Sparks Lake was closed for construction so we took our kayaks down the road to Hosmer Lake. It must be the go to place. I have never seen so many kayakers in one place. We parked on the road above the boat launch and got the kayak on it's wheel and took it down. Most of the people were leaving as we paddled out and were soon alone among the ducks, birds and fish. It isn't very deep and we could see some nice sized trout right under us. Little Lava Lake down the road was much quieter and would be our choice next time we want to paddle.

There are 30 Cascade Lakes

We heard the warning sound of the baby ducks in the lily pads before we saw them. We backed up to avoid bothering them anymore.

It looks strange with the wheels on top of the kayak but I wasn't going to carry them back up the hill to put them in the truck when there were perfectly good bungees in front of us. Our kayak is inflatable and is not any lighter than the hard sided. The wheels were a good addition.

A couple parked by a trailhead looked like something was bothering them so I asked where they were going to hike. They were from Britain and said they had forgotten their wallet to pay for their pass. Mike handed them $5 and you would have thought it was $100 as happy as they were. We know the feeling of getting somewhere and have forgotten something important. We once road our mountain bikes in hiking boots after driving an hour to get to the trail and forgetting our bike shoes. We weren't leaving without a ride if we could help it even if it was clumsy riding.

Thursday, July 14, 2016

Sunriver, OR

We have been fortunate to have cool temps while here in Sunriver. This area is called the high desert and we were told that we were going to be hot as we were leaving the cool coast.
Sunriver has a network of bike paths and do not allow bikes on the streets.

This eagle's nest houses the parents and two offspring. As we were riding our bikes down the rode, I saw two people sitting along the road with their cameras. I had to see what they were looking for. (Mike calls me the "interrogator") This couple had been watching the family for 9 weeks and showed us some great pictures of the eagles landing . Their cameras on tripods with clickers were much better than mine.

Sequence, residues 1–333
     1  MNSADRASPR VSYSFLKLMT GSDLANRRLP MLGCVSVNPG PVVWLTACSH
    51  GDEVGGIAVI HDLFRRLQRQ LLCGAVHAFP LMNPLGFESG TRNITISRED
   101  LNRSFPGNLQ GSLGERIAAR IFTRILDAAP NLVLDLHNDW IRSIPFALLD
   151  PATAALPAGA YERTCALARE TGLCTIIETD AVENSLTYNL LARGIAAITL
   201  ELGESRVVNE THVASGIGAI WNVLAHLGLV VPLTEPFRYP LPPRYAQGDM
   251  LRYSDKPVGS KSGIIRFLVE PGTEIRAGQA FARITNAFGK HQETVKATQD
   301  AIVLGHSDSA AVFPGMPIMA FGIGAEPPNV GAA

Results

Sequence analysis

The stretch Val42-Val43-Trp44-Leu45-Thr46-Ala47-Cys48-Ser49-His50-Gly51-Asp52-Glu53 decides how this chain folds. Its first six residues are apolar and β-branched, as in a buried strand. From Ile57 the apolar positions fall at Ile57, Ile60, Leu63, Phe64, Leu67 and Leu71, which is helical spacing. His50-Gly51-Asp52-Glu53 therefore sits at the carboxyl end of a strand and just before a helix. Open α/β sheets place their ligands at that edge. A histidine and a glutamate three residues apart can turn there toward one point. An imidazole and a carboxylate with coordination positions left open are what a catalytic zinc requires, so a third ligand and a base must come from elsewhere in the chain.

It has been a busy two weeks here in central Oregon. We wanted to get another mountain bike ride in before leaving. Seeing some cross country ski trails that looked like they might be nice, we chose the  going up hill for 3 miles through some sandy single track before leveling out. At one point, I said I might be done. After sitting a bit and having some water, I realized if we turned around, our day would be over in 15 minutes riding downhill and was glad that we didn't turn around.

Paulina Lake had some nice chair to enjoy the cold drink we bought at the little store before starting the downhill.

Mike informed me that my front brake had been dragging as he was cleaning up the bikes after we returned home. Maybe, that is the reason I thought about turning around. I always check my brakes before taking off for a ride. I don't want a brake incident. This time I was checking them while he was messing with my odometer and he told me to stop. I may have not noticed the drag during my check but let's put it on him.

 Several people had told us to visit the High Desert Museum and the rainy weekend seemed like the perfect time.

Early mobile home
The Works Progressive Administration was a New Deal measure during the Depression that I was not aware.  It was a government attempt to employ a variety of artists, writers, and musicians so that the work they produced could help them make a living and enhance the quality of American life during the Great Depression. The WPA commissioned thousands of artists to observe the American scene; its people, its landscape, and its architecture, and capture through their brushstrokes and lenses, the life they were seeing.

There were many interesting exhibits with lighting and sounds to enhance the experience.